As part of her campaigning work and in relation to the forthcoming Public Inquiry, Diana Johnson MP requested information from the House of Commons Library. This briefing augments the previous posting and provides information on the International approach to Public Inquiries and legal cases, specifically in relation to the Republic of Ireland, France, Japan and the United Sates.
We reproduce it below with permission.
“This information is provided to Members of Parliament in support of their parliamentary duties and is not intended to address the specific circumstances of any particular individual. It should not be relied upon as legal or professional advice, or as a substitute for it. A suitably qualified professional should be consulted if specific advice or information is required.
As part of a wider briefing request, you have asked for information about approaches to public inquiries on contaminated blood products in a number of countries. I hope the briefing below will be useful.
You may also find a 2001 BBC news article, Aids scandals around the world, useful. It provides a brief overview of international approaches.
Two public inquiries were undertaken in Ireland (the Finlay and Lindsay Tribunals), both resulting in significant reform of the systems for supply of blood and blood products and establishment or modification of compensation schemes.
The tribunal of inquiry into the Blood Transfusion Service Board (also known as the Finlay tribunal) was established by Parliamentary resolutions in 1996 to enquire into and report and make recommendations to the Minister for Health on the circumstances surrounding the use of contaminated blood products in the Republic of Ireland.
The terms of reference for the inquiry were set out in the resolutions, the tribunal used written evidence that had been collected as part of a legal case prior to the inquiry and took oral evidence. More detail on the terms of reference and the procedures used by the Inquiry is provided in the 1997 report.
The Lindsay tribunal was established through Parliamentary resolutions in 1999 to look into the development of hepatitis and HIV in a group of patients with haemophilia. The 2002 report sets out the findings and recommendations.
Two legal trials were held in France in relation to contaminated blood. These involved charges brought against officials and Government Ministers. The French legal process involves enquiries and examinations of witnesses and evidence prior to formal court proceedings.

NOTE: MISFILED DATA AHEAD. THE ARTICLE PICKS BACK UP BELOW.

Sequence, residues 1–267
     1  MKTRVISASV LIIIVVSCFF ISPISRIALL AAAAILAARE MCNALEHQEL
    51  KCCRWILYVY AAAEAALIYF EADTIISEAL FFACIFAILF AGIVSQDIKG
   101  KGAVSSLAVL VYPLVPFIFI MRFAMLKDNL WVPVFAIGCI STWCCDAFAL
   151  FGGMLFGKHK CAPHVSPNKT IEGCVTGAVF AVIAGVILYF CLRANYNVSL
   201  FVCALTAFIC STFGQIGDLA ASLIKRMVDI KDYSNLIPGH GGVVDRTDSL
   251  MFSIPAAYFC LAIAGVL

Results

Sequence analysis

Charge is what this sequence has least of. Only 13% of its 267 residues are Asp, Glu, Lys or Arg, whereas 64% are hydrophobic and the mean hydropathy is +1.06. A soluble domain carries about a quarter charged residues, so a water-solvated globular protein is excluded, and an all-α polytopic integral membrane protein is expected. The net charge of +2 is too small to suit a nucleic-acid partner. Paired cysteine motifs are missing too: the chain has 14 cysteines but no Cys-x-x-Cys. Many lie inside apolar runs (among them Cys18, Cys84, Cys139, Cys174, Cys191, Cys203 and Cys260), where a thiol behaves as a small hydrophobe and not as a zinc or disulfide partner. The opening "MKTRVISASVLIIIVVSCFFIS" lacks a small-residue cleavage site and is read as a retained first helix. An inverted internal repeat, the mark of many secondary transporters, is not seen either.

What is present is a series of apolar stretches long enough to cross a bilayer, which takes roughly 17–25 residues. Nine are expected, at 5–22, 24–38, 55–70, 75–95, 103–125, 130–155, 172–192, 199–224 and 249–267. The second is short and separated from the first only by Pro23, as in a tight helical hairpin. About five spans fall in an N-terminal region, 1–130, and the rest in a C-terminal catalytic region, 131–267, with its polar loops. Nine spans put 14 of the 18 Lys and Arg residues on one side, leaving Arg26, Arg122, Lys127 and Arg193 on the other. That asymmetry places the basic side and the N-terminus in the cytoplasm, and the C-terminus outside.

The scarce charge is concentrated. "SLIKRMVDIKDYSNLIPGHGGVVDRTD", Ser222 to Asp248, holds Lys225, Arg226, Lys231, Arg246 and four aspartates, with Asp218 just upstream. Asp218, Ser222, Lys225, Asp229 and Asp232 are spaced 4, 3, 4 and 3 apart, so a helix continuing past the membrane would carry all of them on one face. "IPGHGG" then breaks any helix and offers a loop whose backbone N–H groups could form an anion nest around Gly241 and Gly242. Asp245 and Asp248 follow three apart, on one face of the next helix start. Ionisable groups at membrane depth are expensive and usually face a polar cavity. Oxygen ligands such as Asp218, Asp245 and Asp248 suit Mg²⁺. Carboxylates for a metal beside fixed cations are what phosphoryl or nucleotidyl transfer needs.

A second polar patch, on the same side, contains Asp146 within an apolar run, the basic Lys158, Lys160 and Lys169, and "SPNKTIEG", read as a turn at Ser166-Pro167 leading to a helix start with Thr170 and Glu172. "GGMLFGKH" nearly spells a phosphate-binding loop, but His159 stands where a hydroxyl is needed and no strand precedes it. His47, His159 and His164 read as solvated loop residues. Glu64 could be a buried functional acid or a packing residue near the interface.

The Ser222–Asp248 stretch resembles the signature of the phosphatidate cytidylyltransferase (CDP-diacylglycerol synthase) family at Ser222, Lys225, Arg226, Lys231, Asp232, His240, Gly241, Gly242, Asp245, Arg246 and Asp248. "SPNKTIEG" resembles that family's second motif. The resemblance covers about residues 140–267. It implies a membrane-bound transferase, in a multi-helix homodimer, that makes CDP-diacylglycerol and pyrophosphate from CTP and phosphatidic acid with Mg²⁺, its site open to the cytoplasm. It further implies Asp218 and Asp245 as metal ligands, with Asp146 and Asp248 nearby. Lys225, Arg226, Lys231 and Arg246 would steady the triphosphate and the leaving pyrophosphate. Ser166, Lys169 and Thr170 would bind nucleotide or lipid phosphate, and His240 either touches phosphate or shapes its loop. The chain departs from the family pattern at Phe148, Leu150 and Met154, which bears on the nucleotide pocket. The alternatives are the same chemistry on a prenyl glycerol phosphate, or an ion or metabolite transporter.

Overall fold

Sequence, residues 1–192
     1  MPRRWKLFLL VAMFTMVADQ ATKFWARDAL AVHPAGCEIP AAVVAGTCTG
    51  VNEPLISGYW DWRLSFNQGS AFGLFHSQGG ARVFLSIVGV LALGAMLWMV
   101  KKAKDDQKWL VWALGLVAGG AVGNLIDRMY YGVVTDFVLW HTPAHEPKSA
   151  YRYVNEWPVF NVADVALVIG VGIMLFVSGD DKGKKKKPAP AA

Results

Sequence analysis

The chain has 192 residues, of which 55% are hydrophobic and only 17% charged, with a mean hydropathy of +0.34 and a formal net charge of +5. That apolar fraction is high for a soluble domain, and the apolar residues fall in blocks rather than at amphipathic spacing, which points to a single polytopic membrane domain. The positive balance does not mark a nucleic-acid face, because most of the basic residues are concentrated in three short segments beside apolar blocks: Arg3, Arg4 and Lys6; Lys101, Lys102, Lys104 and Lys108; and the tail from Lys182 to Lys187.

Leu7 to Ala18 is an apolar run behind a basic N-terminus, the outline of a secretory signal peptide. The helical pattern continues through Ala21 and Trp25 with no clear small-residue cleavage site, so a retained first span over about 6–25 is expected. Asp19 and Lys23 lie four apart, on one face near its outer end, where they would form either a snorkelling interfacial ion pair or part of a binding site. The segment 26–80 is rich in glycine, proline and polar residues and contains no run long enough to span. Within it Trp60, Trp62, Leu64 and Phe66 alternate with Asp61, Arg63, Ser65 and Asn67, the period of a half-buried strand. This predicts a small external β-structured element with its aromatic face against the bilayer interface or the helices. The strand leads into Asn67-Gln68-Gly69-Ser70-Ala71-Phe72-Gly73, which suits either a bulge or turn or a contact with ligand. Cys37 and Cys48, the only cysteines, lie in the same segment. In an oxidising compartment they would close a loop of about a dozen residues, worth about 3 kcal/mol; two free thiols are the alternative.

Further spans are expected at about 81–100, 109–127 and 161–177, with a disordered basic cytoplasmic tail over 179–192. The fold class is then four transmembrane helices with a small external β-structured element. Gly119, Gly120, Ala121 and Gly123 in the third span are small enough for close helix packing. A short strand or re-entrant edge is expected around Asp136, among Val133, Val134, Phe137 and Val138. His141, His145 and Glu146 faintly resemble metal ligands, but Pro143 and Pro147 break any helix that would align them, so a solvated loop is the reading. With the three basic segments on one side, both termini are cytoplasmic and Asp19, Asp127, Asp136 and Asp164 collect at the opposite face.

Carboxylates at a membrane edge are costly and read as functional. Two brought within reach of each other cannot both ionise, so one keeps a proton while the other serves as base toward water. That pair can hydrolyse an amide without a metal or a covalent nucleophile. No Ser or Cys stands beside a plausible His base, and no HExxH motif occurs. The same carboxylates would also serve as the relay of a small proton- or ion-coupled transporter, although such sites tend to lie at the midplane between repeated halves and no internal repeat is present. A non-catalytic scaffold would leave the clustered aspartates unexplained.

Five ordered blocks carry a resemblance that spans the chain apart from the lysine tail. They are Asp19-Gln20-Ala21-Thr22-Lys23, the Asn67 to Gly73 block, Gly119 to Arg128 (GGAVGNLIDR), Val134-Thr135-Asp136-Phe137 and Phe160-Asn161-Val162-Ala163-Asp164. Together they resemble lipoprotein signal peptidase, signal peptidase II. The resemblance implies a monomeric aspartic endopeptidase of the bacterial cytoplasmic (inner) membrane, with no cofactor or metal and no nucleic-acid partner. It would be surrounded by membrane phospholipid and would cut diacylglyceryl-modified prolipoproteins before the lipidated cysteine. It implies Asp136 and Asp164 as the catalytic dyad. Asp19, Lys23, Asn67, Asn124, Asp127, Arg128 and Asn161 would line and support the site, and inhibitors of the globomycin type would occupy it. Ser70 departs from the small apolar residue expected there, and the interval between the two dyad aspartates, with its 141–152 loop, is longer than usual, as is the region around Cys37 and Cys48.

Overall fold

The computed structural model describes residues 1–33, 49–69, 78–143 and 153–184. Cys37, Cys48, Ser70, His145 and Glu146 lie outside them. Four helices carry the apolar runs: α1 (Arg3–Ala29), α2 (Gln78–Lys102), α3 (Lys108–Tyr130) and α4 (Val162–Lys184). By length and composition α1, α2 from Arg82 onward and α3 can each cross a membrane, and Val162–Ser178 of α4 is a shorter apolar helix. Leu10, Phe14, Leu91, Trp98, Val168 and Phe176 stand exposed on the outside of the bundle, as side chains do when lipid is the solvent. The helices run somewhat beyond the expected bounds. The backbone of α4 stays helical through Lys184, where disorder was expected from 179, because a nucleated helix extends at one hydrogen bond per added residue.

In 1992, Dr Garetta, the former head of the national blood transfusion centre (CNTS) was charged with the distribution (or allowing the distribution) of contaminated blood products to haemophiliacs between March and October 1985. He was sentenced to 4 years imprisonment and fined 500,000 francs. Two other former employees of the blood transfusion service, the director of research and the director of health were also convicted.
A Court of Justice of the Republic, a specially convened court to try ministers charged with crimes committed as part of their ministerial duties, tried the former Prime Minister, Laurent Fabius, former social affairs minister, Gergine Dufois, and former health Minister, Edmond Herve for charges in relation to contaminated blood.
The court consisted of 12 members of the French Parliament, 6 from each house, and 3 judges from the highest French court. A 1999 BBC News article provided information about the charges brought against the ministers:
The former Prime Minister and the social affairs minister were acquitted of manslaughter. The former health minister, Edmond Herve was convicted but no sentence was handed down, the judge in the case said that due to the long history of the events, he had not benefited from the “presumption of innocence to which he is entitled.”
More information about the trials in France is provided in the following news articles :
In October 1989 groups of HIV-positive haemophiliacs and relatives of deceased patients brought law suits against 5 pharmaceutical companies and the Ministry of Health and Welfare.
The Tokyo and Osaka courts jointly recommended an out-of-court settlement in which each plaintiff would receive 45 million yen (approximately $450,000 in 1996), with payment divided 60/40 between the pharmaceutical companies and the government. More information about the legal case is provided in a New York Times article:
In 2000, the Los Angeles Times reported that three former pharmaceutical executives were given prison sentences for continuing to sell blood products they knew to be potentially unsafe, after safer substitute had been made available.
A number of legal cases have been brought against drug companies, such as Bayer and Baxter in the US in the decades since awareness of the transmission of HIV and hepatitis C through blood products has increased.
It appears that there were problems pursuing legal cases in some States as there it was found that product liability did not extend to blood products. However, in one example, the New York Times reported in 1997 that the Governor of New York State at the time signed a piece of legislation specifically to allow legal cases of this kind to be brought against pharmaceutical companies.
In 2003, the New York Times reported, that whilst admitting no wrong doing, pharmaceutical companies had settled over 15 years of lawsuits, paying over $600 million dollars to claimants.
 Larousse, L’affaire du sang contaminé : trois ministres en accusation, 2000